Mastering git, Part 3 (Undo local changes, git revert, git reset, git amend and git clean)

Removing a file from the staging area

If you omit the --cached option, it will also delete it from the working tree.

Cleaning up git environment and rollbacking local changes

Once you started working on your local copy you might mess everything and need to clean up or roll back changes for some file, you can use git checkout and git clean

to rollback changes for a particular file:

to rollback changes for the entire local copy while keeping added files:


if you just want to remove the file and directories that have been added but not staged:

Remove untracked directories in addition to untracked files.

Don’t actually remove anything, just show what would be done.

Show what would be done and clean files interactively. See “Interactive mode” for details.

This will create a new branch and switch to that:


Undo local changes

Git reset

How to undo a commit in Git when no one has pulled your changes? The answer is git reset
git reset will do this job for you, it has three options, hard and soft and mixed.

1) Mixed: This is the default action. Resets the index1 but not the working tree2 (i.e., the changed files are preserved but not marked for commit) and reports what has not been updated.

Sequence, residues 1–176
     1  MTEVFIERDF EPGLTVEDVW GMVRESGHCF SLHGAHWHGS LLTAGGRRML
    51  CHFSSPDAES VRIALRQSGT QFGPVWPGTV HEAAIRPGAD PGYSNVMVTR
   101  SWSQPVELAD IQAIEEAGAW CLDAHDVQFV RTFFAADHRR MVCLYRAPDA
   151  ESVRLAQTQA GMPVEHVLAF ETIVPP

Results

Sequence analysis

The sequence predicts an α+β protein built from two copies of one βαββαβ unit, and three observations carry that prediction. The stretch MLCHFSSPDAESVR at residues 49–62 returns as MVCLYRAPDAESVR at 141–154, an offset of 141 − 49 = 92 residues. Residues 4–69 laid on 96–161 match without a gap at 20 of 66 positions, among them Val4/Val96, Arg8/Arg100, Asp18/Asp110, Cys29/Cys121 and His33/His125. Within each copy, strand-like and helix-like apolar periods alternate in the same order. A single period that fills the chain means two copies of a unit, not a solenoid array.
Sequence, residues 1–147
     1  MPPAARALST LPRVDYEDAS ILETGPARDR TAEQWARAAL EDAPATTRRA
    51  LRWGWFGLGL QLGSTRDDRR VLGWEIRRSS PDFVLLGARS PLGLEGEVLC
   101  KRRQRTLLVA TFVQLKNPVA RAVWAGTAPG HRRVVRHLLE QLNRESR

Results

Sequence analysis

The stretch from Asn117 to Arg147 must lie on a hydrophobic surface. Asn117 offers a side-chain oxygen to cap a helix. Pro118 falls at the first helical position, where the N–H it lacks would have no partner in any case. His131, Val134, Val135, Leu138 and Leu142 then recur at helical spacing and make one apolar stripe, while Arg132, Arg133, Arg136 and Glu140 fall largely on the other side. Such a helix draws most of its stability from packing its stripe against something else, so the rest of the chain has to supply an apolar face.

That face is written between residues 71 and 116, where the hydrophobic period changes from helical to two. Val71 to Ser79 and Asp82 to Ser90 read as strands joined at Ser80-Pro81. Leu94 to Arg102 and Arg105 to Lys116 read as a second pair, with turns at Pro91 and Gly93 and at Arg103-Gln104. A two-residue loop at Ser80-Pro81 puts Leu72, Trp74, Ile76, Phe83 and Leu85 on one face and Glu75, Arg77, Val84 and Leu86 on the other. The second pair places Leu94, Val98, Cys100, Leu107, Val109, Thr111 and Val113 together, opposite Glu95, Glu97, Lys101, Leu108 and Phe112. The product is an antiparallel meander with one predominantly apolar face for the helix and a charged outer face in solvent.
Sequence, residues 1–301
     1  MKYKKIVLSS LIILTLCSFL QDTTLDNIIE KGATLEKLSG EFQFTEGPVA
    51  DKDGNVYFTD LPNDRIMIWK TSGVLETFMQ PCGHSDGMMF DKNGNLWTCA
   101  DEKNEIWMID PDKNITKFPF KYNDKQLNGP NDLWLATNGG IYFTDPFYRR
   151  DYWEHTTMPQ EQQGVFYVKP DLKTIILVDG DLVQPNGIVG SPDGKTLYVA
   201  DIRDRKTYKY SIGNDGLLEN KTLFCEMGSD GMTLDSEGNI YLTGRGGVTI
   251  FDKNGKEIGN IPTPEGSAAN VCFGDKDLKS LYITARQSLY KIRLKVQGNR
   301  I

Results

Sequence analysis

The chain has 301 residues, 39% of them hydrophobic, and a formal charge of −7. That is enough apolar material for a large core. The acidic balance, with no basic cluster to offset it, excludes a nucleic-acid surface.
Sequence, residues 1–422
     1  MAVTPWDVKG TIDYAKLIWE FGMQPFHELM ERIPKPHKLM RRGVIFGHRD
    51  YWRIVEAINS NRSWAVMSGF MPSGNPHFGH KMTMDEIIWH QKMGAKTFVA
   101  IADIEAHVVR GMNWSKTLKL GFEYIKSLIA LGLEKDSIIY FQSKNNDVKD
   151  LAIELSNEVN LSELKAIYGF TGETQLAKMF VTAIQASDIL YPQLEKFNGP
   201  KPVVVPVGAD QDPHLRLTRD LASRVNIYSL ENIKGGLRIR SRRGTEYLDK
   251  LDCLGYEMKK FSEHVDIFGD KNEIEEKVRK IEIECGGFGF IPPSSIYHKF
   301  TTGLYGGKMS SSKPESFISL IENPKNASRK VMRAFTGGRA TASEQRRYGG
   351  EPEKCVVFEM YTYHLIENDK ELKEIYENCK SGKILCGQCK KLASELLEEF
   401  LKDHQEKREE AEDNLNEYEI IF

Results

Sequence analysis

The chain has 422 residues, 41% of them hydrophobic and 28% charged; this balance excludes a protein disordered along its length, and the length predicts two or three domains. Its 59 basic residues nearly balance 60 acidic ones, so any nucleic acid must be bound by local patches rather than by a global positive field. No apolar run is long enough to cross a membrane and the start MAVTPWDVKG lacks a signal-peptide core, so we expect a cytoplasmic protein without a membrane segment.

2) Soft: Does not touch the index file or the working tree at all but resets the head to <commit>. This leaves all your changed files “Changes to be committed”

3) Hard: This option will reset the index and working tree. Any changes to tracked files in the working tree since <commit> are discarded.

1 The git “index” is where you place files you want to commit to the git repository. Some names you may have heard:

  • Index
  • Cache
  • Directory cache
  • Current directory cache
  • Staging area
  • Staged files

Files in the git index don’t get committed to the repository until you use the git commit command.

2 Working tree is what is actually in the files that you are currently working.

git ls-tree only works with git refs, e.g.

Commit could be in one of the following forms:


You can undo your reset by

Since after your first reset your previous HEAD is at one commit before the current one.

git log will be exactly the same as before, but git relog will show you that you have reset the HEAD.

A Complete setup

some important note:

git add -A is equivalent to

Let’s continue our work:


The git reflog command records a chronological history of everything you have done in your local repository. Its full output might look like this:

C.txt and D.txt will remain (soft)

C.txt and D.txt will be deleted.

To see which files have been added and status:

Finally, lets’ push changes by:

Git revert

How to undo a push in Git when someone might have pulled your changes? The answer is Git revert. If you’ve already pushed your changes and someone else pulled in those changes, you should not use git reset to undo changes, use git revert instead.


Let’s follow our work:


This will fix your most recent commit message


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